A challenge in behavioral economics and social epidemiology is the massive disparity in power between “us” versus “them”. In this country, at least, economic power has become so concentrated in the last 30–40 years, it’s becoming harder and harder to make an impact through the mechanism of democracy. If you want to make some point of view, it is hard to get it represented through the ordinary channels of media.

It’s exactly like Joseph Stiglitz described in The Price of Equality. He articulated what I always wanted to say about income inequality’s corrosive effects on the body politic. His argument is that the concentration of wealth in the top one percent is distorting political decision-making in a functioning democracy. It is distorting media, the rules of the game by which the economy is run, and I think this is a huge challenge both inside and outside of public health.

To get something done within public health, you have to influence institutions, the laws, and regulation. Developing evidence is the initial step. We also say that lots of policies get made on the basis of no evidence. If there is a will to do it, they’ll do it. If you want something to be passed, at least on our side, you have to have evidence. What researchers at the School of Public Health are doing is providing the knowledge base. As has been said before, that is only one of the ingredients. You have to have the political and popular will to do something and you have to have an appropriate strategy to translate that evidence into policy. Unless those things come together, you won’t get change. The problem with growing polarization is that you can produce lots of evidence but the political will is stuck.

Is there a persistent public health problem that still concerns you today?

I have to say that it is health disparities, persisting inequality between rich and poor countries, and persisting inequality within rich countries. The field of social epidemiology is really an attempt to focus attention on that problem.

It is not enough that the average gets dragged up. You have to lift everybody. There is a lot of attention on global health but basically, you don’t need to go that far. Look in our backyard. You will see disparities in life expectancy that span the entire globe. A man born in a New Orleans’ parish has a life expectancy in his ‘50’s, compared to an Asian-American woman born in a rich Bergen County, NJ, who has a life expectancy of 90. A forty-year difference in life expectancy pretty much spans the average differences in the countries of the globe. I tell young, idealistic youth who want to make a contribution to global health that you don’t have to go all the way to Malawi. You can do something in rural Mississippi. Health centers like the one in Mound Bayou, MS, because basically it’s the model of physician responsibility. The primary care doctors basically said that it’s not enough to provide primary care, you’ve got to invest in educating the people, making them leaders, and make it self-sustaining (Editor’s note: Mound Bayou was the first community health center in the country).

This feature was interviewed, transcribed and partially edited by our guest editor, Ted Henson. The photo was provided by Maki Miyashita.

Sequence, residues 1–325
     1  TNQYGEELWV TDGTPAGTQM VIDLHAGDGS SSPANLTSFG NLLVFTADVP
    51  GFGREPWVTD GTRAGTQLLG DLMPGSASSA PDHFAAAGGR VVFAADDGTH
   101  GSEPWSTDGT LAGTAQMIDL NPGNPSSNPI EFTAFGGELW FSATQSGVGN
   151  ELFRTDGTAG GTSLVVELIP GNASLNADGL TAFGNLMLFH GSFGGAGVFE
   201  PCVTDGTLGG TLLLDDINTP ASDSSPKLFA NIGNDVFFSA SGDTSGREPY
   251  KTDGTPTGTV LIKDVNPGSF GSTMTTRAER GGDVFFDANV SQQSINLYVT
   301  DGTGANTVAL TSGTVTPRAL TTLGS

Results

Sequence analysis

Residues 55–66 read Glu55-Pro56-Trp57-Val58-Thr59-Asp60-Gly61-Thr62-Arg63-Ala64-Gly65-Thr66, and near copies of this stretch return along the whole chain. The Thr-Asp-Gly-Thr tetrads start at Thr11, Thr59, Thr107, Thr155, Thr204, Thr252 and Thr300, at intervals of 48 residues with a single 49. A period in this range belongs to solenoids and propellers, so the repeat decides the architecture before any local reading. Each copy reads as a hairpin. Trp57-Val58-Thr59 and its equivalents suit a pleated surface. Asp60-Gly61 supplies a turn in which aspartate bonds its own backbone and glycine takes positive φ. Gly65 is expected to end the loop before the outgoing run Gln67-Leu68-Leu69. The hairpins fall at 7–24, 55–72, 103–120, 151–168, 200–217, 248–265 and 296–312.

Tom Bodenheimer, MD, MPH

BodenheimerAfter graduating from Harvard Medical School, Dr. Tom Bodenheimer spent time as a Peace Corps physician in Costa Rica, where he learned about the political economy and health infrastructure of rural Latin America.   This led him to wonder how the US might adapt successful public health models from the developing world, such as promotores, or community health promoters.  Upon his return, he practiced primary care for 32 years in San Francisco’s Mission District, a primarily low-income, Latino community.  He has written and co-authored several books on health policy, including Understanding Health Policy and Improving Primary Care. Dr. Bodenheimer has spent the past 11 years of his career in the University of California San Francisco’s (UCSF) Department of Family and Community Medicine, where with his colleagues, he works with primary care providers to improve health care service delivery.

Career in Profile

  • 1961- Graduated from Harvard College
  • 1965- Graduated from Harvard Medical School
  • 1965-1966- Interned at Boston City Hospital, Harvard Medical Service
  • 1966-1967- Worked as a Research Assistant in Neuro-Anatomy, National Institutes of Health
  • 1967- Served as a Peace Corps Physician in Costa Rica
  • 1967-1968– Consulted for US Department of Health Education and Welfare
  • 1968-1969– Served as a Urban Coalition Fellow in Community Medicine at the San Francisco General Hospital
  • 1969– Completed MPH at University of California, Berkeley
  • 1969-1971– Resident in Internal Medicine at University of California, San Francisco
  • 1972-1975– Physician at the South of Market Health Center
  • 1974-1976– Researched at the Health Policy Advisory Center
  • 1975–1979– Physician at Mission Neighborhood Health Center
  • 1980–2002– Physician at BayWest Family Health Care
  • 1991-1996- Associate Clinical Professor, Department of Family and Community Medicine, University of California, San Francisco
  • 1995-96– Worked as the Hospital Utilization Manager at BayCare Medical Group
  • 1996–2002- Clinical Professor, Department of Family and Community Medicine, University of California, San Francisco
  • 1998–2000- National Correspondent, New England Journal of Medicine
  • NOW – Adjunct Professor in the Department of Family and Community Medicine and Co, Director of the Center for Excellence in Primary Care, University of California, San Francisco

Can you talk about your decision to transition from practicing primary care to influencing health policy through your position at the University of California-San Francisco?